If you turn this off I can almost guarantee that a lot of your sites will be useless. And in many cases your whole Intranet – specifically this happens with many of the “Intranet-in-a-box” vendor solutions. So be careful.
So, what should I do?
If you still think it is very valuable to build solutions with SPFx and Microsoft Graph the first thing you MUST do is to ensure that there is not a single site in your tenant with scripting enabled. You can do a quick check for this with this sample PowerShell command:
I wish we had this kind of notification and warning in the permission grant page in the new SharePoint Admin center. To make it very obvious for admins.
Secondly, be very thoughtful on what solutions you are installing in your app catalog. Do you know the vendor, do you know their code, is their code hosted in a vendor CDN (warning signs – since they can update this without you knowing) etc? Do you have multiple vendors? Who have access to do this?
So, you really need to do a proper due diligence of the code you let into your SharePoint Online tenant.
A note on the CDN issue; when you add a SPFx solution to the app catalog all “registered” external script locations are listed. But this is not a guarantee. It’s only those that are registered in the manifest. As a developer you can request other resources dynamically without having them show up on this screen.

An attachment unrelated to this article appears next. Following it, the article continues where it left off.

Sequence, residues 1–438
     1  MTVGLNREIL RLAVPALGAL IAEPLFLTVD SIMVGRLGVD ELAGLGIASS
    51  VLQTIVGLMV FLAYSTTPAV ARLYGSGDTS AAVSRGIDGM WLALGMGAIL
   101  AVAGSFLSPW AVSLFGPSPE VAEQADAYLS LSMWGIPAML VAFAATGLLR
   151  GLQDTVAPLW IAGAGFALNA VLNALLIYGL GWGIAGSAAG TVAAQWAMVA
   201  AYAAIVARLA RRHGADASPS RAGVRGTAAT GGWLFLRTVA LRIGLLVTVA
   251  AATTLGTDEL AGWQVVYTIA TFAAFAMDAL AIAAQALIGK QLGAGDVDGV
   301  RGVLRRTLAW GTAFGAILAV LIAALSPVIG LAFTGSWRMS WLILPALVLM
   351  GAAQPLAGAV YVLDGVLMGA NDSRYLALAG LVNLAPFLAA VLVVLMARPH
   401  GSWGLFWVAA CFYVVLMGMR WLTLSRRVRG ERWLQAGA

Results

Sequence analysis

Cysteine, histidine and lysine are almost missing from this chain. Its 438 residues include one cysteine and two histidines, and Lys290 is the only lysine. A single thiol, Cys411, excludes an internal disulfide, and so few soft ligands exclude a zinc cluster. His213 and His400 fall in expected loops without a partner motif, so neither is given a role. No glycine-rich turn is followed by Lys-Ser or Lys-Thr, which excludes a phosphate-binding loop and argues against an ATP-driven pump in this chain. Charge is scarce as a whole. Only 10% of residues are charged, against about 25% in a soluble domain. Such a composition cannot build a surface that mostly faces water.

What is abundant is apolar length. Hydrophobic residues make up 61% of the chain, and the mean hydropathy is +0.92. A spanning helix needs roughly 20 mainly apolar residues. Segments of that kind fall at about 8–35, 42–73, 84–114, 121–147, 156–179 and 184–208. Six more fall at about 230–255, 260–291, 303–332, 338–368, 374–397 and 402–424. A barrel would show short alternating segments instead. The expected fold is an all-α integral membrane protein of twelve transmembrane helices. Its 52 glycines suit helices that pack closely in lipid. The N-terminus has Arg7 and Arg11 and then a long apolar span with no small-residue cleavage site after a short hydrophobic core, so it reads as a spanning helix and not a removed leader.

I hope that this gave you the chills, and that you start reflecting on these seemingly harmless weather web parts that you install. You as an admin, developer or purchaser of SharePoint Online customizations MUST think this over.
Do we have a plan to move from script enabled sites to ALL sites with no custom scripts enabled
Do we have the knowledge and skill to understand what our developers and vendors are adding to our SharePoint Online tenant
Do we understand the specific permission requirements needed